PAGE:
Tuesday, September 21, 2010

My take on dividend investing for passive income

I’m a huge believer in a portfolio of good dividend paying stocks as a great source of passive income. In this article, I will give you my take on how investors can build a portfolio of dividend paying stocks that can generate for them healthy passive income.

Dividend yield
The dividend yield is the amount of money a company pays out per share as dividends, expressed as a percentage of its share price. So, if you bought a stock with a 5% dividend yield, and assuming that there are no dividend cuts and etc, you can expect pre-tax dividend income of 5% of your initial investment.

The higher the dividend yield when you bought the stock, the higher your passive income. But investors should, however, beware of stocks with high dividend yields, and conduct proper research on the stock to see if the dividend is sustainable.

Free cash flow
 A lot of people look at the dividend payout ratio (the percentage of profit a company pays out as dividends) as a way to analyze the safety of the dividend. While I have nothing against the dividend payout ratio, I think that for the purpose of deciding whether or not a company’s dividend is safe, that investors should instead look at the percentage of free cash flow the company pays out as dividends.

By measuring the dividends a company pays out against its free cash flow (cash from operating activities - capital expenditure), investors can have a better picture of the safety of the dividend as free cash flow takes into account expenditure needed for future growth, so investors can worry less about the company suddenly cutting its dividend to fund its growth. Net income can also be more easily manipulated than cash flow, which can affect the soundness of using the dividend payout ratio to gauge the safety of a company’s dividend.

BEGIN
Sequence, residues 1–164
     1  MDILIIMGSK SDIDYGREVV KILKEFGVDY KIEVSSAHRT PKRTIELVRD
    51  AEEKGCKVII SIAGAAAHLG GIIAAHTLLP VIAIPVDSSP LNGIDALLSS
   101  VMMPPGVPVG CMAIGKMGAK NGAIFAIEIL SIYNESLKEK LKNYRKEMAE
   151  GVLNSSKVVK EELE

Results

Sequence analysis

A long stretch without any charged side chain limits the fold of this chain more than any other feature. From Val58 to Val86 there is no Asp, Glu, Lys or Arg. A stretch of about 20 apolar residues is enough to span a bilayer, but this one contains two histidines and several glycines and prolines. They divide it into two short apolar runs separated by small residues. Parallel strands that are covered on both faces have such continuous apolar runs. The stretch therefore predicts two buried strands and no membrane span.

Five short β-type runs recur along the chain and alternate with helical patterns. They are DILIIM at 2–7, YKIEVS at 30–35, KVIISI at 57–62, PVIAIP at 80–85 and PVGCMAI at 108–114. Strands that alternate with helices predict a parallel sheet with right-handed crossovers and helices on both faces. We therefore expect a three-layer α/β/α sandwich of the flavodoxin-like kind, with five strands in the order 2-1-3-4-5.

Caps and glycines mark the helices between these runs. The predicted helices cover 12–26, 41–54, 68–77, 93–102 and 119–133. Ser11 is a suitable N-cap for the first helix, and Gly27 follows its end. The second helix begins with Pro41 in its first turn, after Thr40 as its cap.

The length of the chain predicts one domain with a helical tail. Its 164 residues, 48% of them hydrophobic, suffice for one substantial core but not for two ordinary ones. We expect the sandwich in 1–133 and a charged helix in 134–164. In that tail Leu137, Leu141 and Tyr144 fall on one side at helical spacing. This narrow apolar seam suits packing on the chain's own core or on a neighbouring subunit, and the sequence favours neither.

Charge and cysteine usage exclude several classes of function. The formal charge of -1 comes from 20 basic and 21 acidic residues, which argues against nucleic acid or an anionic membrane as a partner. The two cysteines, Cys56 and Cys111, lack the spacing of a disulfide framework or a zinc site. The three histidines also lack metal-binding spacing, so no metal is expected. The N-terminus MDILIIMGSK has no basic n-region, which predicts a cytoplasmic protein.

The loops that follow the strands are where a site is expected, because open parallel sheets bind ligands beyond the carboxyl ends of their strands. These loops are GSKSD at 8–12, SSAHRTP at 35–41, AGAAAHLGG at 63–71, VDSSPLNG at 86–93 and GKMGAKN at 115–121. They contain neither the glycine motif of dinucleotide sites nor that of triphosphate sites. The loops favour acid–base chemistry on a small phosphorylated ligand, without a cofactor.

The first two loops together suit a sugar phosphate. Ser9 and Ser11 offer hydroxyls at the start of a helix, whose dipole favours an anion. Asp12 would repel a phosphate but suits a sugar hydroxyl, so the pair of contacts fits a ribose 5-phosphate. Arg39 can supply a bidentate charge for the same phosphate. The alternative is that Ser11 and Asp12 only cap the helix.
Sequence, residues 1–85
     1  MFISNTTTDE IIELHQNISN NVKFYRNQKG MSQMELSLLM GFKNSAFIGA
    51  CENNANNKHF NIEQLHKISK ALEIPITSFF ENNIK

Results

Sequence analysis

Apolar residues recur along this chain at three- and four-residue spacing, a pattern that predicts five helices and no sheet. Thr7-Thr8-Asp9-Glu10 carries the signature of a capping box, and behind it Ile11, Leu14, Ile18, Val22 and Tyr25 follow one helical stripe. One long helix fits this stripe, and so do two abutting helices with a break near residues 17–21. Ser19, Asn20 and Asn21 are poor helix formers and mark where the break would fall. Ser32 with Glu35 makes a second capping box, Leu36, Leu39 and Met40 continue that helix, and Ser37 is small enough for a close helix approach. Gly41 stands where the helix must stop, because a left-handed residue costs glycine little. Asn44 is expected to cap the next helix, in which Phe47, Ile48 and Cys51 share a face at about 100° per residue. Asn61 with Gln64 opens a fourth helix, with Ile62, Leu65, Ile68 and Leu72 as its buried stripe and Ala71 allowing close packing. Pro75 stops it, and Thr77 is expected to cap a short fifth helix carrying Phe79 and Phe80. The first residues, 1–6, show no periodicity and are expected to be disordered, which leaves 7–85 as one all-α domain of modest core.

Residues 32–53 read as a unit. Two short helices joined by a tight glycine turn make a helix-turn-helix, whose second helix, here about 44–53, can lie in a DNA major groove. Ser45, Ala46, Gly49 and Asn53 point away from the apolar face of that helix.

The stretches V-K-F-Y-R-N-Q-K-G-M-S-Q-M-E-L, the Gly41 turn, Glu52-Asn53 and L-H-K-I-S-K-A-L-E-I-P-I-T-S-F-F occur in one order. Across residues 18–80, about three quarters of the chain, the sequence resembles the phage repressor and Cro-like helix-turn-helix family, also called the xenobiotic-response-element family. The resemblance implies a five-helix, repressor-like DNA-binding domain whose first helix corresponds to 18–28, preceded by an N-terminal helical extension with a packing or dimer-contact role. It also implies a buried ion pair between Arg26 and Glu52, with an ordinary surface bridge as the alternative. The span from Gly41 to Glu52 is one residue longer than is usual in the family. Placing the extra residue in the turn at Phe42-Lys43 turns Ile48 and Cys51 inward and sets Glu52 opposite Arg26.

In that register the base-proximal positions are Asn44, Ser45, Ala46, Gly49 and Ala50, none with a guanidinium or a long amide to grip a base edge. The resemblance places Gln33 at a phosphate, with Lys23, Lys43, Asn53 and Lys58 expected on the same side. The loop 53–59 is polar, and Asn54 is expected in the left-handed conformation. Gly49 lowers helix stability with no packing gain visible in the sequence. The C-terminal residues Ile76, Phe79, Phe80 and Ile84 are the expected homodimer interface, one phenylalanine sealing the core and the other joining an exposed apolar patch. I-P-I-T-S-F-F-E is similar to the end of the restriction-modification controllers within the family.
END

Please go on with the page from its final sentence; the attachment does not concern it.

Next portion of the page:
Generally, the lower the percentage of free cash flow used to pay out dividends, the safer the dividend.

Profit and revenue growth

From a dividend income standpoint, we want the companies we invest in to regularly raise their dividend. And the only way a company can keep raising its dividend in the long-term is for it to have long-term profit and revenue growth. That’s why I believe that investors should invest in dividend paying stocks that are still growing their revenue and income at a decent rate.

Dividend history
Investors should look for companies that have a history of raising its dividend. This shows that the company is willing to give back the wealth to its shareholders. Nothing is for certain, but if the company is still growing profit and revenue, and it has a history of raising its dividend, it won’t be unreasonable to expect that the company may increase its dividend again sooner or later.

Size doesn’t matter
I personally don’t really pay attention to the market cap of a stock, but only look at the financial condition and performance of a company to evaluate if a stock would be a good dividend income generator long-term. In fact, I generally prefer smaller faster growing companies to big cap companies as dividend income generators, as these smaller stocks have more room to grow revenue and profits, which can in turn lead to more growth in their dividend. But for conservative investors, it might be safer to invest in blue chips.

Don’t get dividend tunnel vision
Investors shouldn’t only pay attention to whether or not a company has raised its dividend, but also take into account other things. Things like share buybacks and strategic acquisitions can also create value for a company’s shareholders.

Reinvest your dividends
Albert Einstein once said, “The most powerful force in the universe is compound interest.” Investors that do not need the income from their dividend income stock portfolio, should just reinvest their dividends and let their stock portfolio compound over time, as this can lead to a huge difference in the value of their portfolio and the passive income it generates over the long-term.

Value dividend paying stocks like you would any other stock
At the end of the day, whether or not a stock pays a dividend, it’s still a stock (I know, I’m being captain obvious here), and apart from also looking at certain things like the dividend yield and etc, we should value dividend paying stocks the same way we value any other stock. You can check out some of the things I look at when evaluating the investment appeal of stocks here.

If you have any questions, or would like to share anything, please feel free to comment. Thank you for reading, and may you always sustain good returns on your portfolio. Take care.

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